When they leave, he trudges back into his hut and shuts the television off. He sits in his bed and opens his notebook. This notebook is not the same as the one he had in Romania. He never got those things back. This notebook is something that he had requested from Ayo when they finally overcame his programming.

In the first day that he had this notebook, he wrote down everything about his past that he could remember.

His handwriting is small, so he manages to fit plenty of it in the pages, with a few blank ones to spare.

Now, he scrawls Zemo on the top of a blank page, and below it he writes:

‘I lied, James.’ —he lied about what??

‘I have grown fond of you as well.’

‘You will see the sun again.’

Did I save Zemo from something? Why was he bleeding? He’s alive now.

He sets the notebook aside when the answers don’t come to him. This would be a nice time to sleep, he thinks, because most visual memories come to him in his dreams—this is both a good and bad thing. Some memories come as hopeful dreams that make him smile.

Most of them come as nightmares.

At least the nightmares give him answers.

Bucky lies down on his side and stares at the wall. The memory of Zemo’s face covered in blood still echoes in his mind. Suddenly he is in a car with a man of a different face and voice.

Slow down, says the man, and his voice is not Zemo’s yet his intonation and accent are the very same. Is this Zemo too? Why does he have a different face?

He has no answers for himself.

Bucky closes his eyes and wills himself to sleep.

The first thing that he writes down when he wakes up is time travel. The second thing is May 19. The third thing is 2010. Apart from that, he does not have any more information.

Steve is visiting today, so Bucky only spends a few minutes staring at his notebook, trying to figure it out. Then he closes it and shoves it underneath his pillow. Outside, he can hear the children laughing and screaming and he knows that Steve is there.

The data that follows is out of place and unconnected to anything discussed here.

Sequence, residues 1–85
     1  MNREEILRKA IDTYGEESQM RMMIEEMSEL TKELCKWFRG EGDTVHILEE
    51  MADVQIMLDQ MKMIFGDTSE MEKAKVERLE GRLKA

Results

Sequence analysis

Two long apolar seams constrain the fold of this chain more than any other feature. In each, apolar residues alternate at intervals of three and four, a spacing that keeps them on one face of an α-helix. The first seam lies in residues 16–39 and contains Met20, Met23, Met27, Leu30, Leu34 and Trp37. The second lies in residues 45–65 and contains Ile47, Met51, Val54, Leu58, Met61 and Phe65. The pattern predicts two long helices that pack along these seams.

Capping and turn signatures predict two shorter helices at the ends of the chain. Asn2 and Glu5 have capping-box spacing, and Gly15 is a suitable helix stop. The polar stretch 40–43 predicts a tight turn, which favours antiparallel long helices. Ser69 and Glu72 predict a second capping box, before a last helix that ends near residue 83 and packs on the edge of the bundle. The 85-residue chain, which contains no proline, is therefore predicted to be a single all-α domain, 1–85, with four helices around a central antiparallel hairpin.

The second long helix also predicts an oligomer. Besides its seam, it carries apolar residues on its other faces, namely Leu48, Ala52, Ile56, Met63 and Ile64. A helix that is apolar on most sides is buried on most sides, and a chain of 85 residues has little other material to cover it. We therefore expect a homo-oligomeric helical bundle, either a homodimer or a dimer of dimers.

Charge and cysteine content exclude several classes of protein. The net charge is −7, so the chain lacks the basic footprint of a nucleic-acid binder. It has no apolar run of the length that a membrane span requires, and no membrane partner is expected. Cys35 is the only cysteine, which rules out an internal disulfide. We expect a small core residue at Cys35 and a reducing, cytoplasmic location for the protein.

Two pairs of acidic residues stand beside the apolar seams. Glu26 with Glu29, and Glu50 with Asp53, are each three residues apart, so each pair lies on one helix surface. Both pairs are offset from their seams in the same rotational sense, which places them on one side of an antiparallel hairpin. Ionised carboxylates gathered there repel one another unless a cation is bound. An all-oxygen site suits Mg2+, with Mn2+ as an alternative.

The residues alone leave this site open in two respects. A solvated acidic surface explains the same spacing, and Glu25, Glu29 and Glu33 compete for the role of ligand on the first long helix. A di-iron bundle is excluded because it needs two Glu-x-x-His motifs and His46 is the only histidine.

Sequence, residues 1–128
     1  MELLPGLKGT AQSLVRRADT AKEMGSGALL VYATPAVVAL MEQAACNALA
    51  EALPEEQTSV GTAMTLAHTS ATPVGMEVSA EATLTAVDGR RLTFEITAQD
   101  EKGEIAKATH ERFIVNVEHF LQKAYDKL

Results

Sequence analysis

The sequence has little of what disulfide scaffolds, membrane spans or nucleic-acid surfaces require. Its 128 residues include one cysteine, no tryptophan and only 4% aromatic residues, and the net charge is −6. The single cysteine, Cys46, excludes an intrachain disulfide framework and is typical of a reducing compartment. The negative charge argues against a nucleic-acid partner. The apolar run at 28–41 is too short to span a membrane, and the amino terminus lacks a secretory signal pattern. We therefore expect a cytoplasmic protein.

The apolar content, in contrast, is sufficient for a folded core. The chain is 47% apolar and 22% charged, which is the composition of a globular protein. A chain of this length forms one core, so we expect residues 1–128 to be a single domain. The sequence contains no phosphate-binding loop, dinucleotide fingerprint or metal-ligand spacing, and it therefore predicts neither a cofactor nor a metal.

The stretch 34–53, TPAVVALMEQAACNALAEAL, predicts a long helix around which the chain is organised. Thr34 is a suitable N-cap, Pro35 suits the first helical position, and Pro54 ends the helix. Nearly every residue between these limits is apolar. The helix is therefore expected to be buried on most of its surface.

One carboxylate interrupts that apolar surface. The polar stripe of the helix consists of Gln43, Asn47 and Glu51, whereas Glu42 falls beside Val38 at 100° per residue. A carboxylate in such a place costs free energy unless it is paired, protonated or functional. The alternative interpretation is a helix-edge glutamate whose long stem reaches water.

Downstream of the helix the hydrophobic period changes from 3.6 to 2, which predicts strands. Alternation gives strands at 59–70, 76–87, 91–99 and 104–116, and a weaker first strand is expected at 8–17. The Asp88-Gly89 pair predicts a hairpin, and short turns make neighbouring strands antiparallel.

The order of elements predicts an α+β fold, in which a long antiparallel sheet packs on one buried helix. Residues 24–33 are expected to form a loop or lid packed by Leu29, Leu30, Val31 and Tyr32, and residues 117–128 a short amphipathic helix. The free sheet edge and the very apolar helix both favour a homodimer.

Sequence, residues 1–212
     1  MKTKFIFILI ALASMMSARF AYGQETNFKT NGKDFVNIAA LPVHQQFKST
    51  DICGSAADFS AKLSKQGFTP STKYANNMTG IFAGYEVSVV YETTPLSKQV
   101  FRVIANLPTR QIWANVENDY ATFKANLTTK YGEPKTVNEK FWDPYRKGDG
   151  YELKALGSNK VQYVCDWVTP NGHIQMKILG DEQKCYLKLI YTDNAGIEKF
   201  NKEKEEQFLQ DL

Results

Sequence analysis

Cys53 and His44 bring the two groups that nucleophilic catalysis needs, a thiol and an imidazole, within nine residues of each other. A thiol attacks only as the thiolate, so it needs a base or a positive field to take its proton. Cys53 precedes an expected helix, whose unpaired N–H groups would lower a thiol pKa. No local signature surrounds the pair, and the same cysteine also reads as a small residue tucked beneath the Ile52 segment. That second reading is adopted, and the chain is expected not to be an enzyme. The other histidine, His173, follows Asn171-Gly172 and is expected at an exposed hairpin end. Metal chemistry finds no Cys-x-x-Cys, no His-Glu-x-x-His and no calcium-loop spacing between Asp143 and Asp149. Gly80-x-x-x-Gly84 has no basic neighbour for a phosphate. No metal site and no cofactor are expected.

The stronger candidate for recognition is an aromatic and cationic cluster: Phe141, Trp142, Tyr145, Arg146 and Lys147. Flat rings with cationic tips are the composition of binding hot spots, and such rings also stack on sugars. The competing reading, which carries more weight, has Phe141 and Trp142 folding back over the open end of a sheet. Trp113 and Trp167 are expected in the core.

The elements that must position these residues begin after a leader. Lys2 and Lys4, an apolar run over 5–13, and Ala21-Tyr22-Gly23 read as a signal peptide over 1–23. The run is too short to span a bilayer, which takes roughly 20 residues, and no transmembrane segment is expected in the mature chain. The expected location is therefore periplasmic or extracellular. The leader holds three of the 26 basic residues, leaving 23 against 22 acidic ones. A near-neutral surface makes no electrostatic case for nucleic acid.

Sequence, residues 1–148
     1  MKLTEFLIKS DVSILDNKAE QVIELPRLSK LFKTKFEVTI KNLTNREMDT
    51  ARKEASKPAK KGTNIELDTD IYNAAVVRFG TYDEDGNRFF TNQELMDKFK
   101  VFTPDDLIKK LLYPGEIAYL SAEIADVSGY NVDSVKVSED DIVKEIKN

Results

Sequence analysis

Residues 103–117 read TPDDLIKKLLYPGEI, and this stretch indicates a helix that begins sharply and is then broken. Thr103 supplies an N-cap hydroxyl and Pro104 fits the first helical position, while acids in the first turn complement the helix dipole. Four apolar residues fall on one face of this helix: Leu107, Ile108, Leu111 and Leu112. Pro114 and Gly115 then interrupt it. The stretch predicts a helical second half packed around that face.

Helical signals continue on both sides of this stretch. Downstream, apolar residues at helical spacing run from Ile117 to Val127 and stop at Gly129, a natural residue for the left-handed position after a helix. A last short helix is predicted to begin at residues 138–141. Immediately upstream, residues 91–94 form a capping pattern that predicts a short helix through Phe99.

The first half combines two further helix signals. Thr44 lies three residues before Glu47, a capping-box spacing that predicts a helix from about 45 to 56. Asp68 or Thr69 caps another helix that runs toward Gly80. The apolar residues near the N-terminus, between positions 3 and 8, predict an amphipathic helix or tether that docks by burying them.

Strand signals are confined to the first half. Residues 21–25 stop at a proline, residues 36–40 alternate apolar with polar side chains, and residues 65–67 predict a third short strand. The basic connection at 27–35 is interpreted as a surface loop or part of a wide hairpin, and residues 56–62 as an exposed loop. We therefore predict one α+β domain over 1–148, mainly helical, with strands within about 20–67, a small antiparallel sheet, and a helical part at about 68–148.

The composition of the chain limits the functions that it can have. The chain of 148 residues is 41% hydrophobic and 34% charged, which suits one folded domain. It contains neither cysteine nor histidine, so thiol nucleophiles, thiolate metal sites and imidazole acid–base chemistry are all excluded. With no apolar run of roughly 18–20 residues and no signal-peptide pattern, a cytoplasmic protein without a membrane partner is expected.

Bucky steps out of his little hut and sees Steve throwing one of the children in the air. They do this all the time; every single one of them lining up to get one go. Steve throws them higher than anyone else. Bucky, with only one arm, never tries. He’s scared that he won’t be able to catch them properly.

“Hey, Buck,” Steve says when he spots Bucky. He lowers Oza to the ground and pats his head.

Bucky waves. “Hey.”

“You alright?” Steve asks, and Bucky wonders, briefly, if the kids had told him what happened last night. But then Steve adds, “Your eyes are red.”

Bucky blinks. He must’ve been crying in his sleep. “Sorry.”

“What? No, don’t be sorry.” Steve steps forward and the kids collectively groan. He smiles at them and shakes his head, fond. “Later, okay? I have to talk to Bucky first.”

The kids whine a bit, but they’re good kids. They understand. So, they all depart to play amongst themselves.

“Steve,” Bucky says once they are alone. Steve raises an eyebrow. Bucky bites the inside of his cheek and wonders if he should ask. He does so, anyway. “Have the Avengers ever—have you travelled through time?”

Steve furrows his eyebrows. “Can’t say we have. Pretty sure that’s impossible.”

“Oh.” Bucky looks down at the ground. There’s an ant crawling over his sandal. “Okay.”

“Why’d you ask?”

“Just… I think I knew someone who did.” Bucky clenches his jaw. He doesn’t tell Steve who it is. He can’t.

“Well, I—” Steve crosses his arms. There is a frown on his face now. “I’ll tell you if I hear anything about it. You got a name?”

Bucky shakes his head.

A week later, he dreams again.

I lied, James, Zemo says. Followed by a kiss. A kiss so bloody and distressed, but beautiful, nonetheless. Bucky remembers crying. He remembers his fear and panic, but he remembers his relief and momentary happiness as well.

Bucky wakes and sits up on his bed, leaning against the wall. Loose strands of wood prick his skin, and he closes his eyes as he finally realizes why Zemo is associated with heartache. He puts a hand to his lips and tries to remember what it felt like.

I’ll try to remember, he had said.

It’s been eight years since that promise was made.

Only now, he remembers.

Bucky tilts his head back and a small laugh escapes him. Then the tiny huff bubbles into a laughter he cannot stop, and he doubles over, clutching his stomach. A small drop of a tear escapes his eye.

He’s not sure if it’s because of ecstasy or longing. He thinks it is both.

Bucky never thinks of talking about Zemo with anyone. They will not understand, and he doesn’t expect them to. To anyone who was not there in 2010, it will not make sense. To anyone who only knows Zemo as the man who ruined the Avengers, it will sound ludicrous.